Most Lents, God does a far better job than I do of picking penances for me. Take this year for example. I thought I’d do the usual no sweets, get to daily Mass more, and go light on Facebook before noon. He laughed and said, “How about bridesmaids’ dresses?”
Trying to find bridesmaids dresses for my postpartum, nursing, 30-something, moms of many bridesmaids, all of whom have completely different body types (and who happen to currently reside in Michigan, Illinois, and Washington State respectively) has been the bane of my existence these past four weeks. Throw in the comments of my (otherwise very supportive) mother, who is less than fond of my color selection, and this Lent almost has me recalling with wistful fondness my “vegan, Mormon, celiac on a diet” Lent.
Almost. Because if that were this Lent, I wouldn’t be eating today’s meatless Friday recipe.
And yes, before you suggest it, I’ve already done the whole “pick a color and let them choose their own” thing. So please, don’t even go there. The problem is not that I’m being particular or that we’re being unreasonably narrow with options. The problem is that bridesmaids’ dresses are made for willowy 20-year-olds who’ve never birthed a baby, let alone still find themselves nursing one.
Add this to the list of reasons to get married when you’re 23.
Regardless, while I’ve been fielding a dozen dress calls a day (and doing other little things, like writing a book), there hasn’t been a whole lot of time for cooking. Which is why I’m grateful to the good Lord above that, in addition to providing me with my own personal penance this Lent, he also helped me grow lots of tomatoes last summer.
Back in August, those tomatoes got preserved in various ways. But my most favorite way was a roasted tomato pesto. I roasted pan after pan of beautiful tomatoes, taking them from this…
I then tossed them into the food processor with a little parmesan, some almonds, and a whole lot of basil, divided the mixture into small mason jars, and stacked them in the freezer. Now, when I need dinner in under 20 minutes, I know where to go.
The good news for you is that you don’t have to wait until August to replicate this recipe. A quick trip to the grocery story, an hour in the kitchen, and you can have your own supply of pesto at hand whenever you need a super speedy supper, that’s also super filling, super delicious, and super heart healthy. Can we say “lycopene”?
My favorite way to eat this pesto is by the spoonful straight out of the food processor (once you start it’s hard to stop!). But, since that doesn’t exactly qualify as a meal, I more often end up tossing it into some pan-friend gnocchi. It’s also delicious, though, with plain pasta, tortellini, or even vegetables. If you’re making this fresh, make sure to reserve a few tomatoes to slice and toss in. Top with parmesan, and serve with a salad or some roasted veggies, and dinner is ready.
Pan-Fried Gnocchi with Roasted Tomato Pesto (Inspired by Oh She Glows)
Pesto: Active—10 minutes; Inactive; 40 minutes
Gnocchi: 20 minutes
- Gnocchi (2 boxes of DeLallo or preferred brand)
- 7-9 large Roma tomatoes (7 if making for later, 9 if making for now)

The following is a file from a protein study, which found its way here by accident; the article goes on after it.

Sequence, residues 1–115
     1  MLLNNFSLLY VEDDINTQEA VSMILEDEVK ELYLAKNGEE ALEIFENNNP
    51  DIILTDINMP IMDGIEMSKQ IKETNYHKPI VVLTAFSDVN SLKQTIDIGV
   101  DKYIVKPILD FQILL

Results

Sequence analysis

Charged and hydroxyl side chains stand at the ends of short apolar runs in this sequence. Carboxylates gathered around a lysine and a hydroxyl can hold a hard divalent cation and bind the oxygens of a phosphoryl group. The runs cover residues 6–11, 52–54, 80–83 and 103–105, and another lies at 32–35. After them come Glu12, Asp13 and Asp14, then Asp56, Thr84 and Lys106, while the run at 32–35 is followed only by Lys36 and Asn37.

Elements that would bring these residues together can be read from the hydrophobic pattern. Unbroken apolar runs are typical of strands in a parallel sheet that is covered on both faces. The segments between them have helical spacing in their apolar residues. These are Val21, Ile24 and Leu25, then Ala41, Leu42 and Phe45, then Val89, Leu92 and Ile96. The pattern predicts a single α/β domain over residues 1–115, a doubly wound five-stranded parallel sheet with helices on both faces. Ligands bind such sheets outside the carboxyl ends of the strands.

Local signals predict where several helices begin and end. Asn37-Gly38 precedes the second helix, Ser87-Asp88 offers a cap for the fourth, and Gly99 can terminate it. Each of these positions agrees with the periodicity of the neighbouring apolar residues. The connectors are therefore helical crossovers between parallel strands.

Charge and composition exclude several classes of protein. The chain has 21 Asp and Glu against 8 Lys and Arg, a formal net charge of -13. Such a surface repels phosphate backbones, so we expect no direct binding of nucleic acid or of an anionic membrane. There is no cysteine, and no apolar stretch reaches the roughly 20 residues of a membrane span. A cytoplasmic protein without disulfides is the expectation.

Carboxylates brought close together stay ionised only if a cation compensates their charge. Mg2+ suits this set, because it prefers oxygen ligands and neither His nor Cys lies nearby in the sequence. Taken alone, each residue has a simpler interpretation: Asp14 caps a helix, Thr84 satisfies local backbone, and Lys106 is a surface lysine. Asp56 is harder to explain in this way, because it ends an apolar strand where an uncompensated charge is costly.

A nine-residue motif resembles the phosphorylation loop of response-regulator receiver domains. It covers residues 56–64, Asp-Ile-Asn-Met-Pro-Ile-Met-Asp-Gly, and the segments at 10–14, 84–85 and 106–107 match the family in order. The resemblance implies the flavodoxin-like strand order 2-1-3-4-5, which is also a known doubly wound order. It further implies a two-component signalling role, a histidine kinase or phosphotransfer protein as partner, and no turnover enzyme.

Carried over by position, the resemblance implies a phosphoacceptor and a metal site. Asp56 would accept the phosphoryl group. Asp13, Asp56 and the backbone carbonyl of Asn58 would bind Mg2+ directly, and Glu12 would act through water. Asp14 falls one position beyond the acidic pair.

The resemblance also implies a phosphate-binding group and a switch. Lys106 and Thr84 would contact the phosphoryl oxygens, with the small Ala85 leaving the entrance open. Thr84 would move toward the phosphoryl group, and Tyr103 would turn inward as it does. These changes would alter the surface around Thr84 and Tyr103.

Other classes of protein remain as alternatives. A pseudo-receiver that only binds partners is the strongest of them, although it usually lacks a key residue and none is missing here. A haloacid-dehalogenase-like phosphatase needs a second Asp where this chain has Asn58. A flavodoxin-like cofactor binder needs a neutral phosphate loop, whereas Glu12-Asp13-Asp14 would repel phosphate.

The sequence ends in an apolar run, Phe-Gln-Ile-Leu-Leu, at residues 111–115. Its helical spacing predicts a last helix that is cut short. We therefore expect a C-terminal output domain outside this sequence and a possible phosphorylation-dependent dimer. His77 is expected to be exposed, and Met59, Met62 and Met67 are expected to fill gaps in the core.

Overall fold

- 6 garlic cloves
- 1/4 cup olive oil, plus 3 Tablespoons
- 3/4 cup slivered almonds, lightly toasted
- 1 cup shredded basil, loosely packed
- 1 cup shredded parmesan cheese, divided
- Kosher salt and black pepper to taste
- 1 Tablespoon butter
- Preheat oven to 400 degrees. Line a baking tray with parchment paper. Scatter almonds on sheet and roast for 3-5 minutes or until almonds start to turn golden brown.
- While the almonds roast, trim the tops of tomatoes and slice lengthwise. Peel the garlic, set two cloves aside, and smash the remaining four with the flat edge of a large knife.
- Transfer the almonds to a bowl and arrange tomatoes and smashed garlic on the same pan. Drizzle with 2 Tablespoons of olive oil and sprinkle with salt (3-4 pinches) and pepper.
- Roast at 400 degrees for 40 minutes.
- When the tomatoes are done, reserve 2 if you made extra. Transfer the rest (7) to a food processor and combine with basil, almonds, 1/2 cup parmesan, remaining garlic cloves, and 1/4 cup olive oil. Puree until smooth. Taste and salt as necessary. Pulse again for 15 seconds.
- Store the pesto in a mason jar and refrigerate or freeze. Alternately, set aside and start cooking the gnocchi.
- For the gnocchi, bring a large pot of water to boil. Add one box of gnocchi.
- As soon as you add the gnocchi, melt 1 Tablespoon of butter and 1 Tablespoon of oil in a large frying pan. As the gnocchi start to float to the top of the boiling water (usually after 3 minutes), use a slotted spoon to transfer them to the frying pan, making sure to drain off the water each time.
- Keep the pan of water boiling.
- Fry gnocchi for 5-8 minutes or until the gnocchi just start to turn golden. Transfer to a plate and cover to keep warm.
- Repeat the process with the second box of gnocchi.
- Return all the gnocchi to the pan, toss with pesto, and mix. Divide into bowls, top with parmesan and thin slices of the remaining tomatos, then serve.
- It’s important not to overcrowd the gnocchi when frying or else they’ll never brown up. That’s why the instructions call for repeating the process. If you’re halving the recipe…which is usually what happens here…just make one box of gnocchi and save half the pesto for later. Again, tiny mason jars are your friend.
- The stored pesto keeps for about a week in the fridge, 6-8 months in the freezer.
- You can, of course, make your own gnocchi. That is awesome. But since this is one of my “I have no time to cook, but need to eat” meals, I usually go the boxed route.
- For the gluten-free folks, DeLallo makes a good gluten-free gnocchi, which we’ve used quite often. It’s just more spendy, so be prepared for that.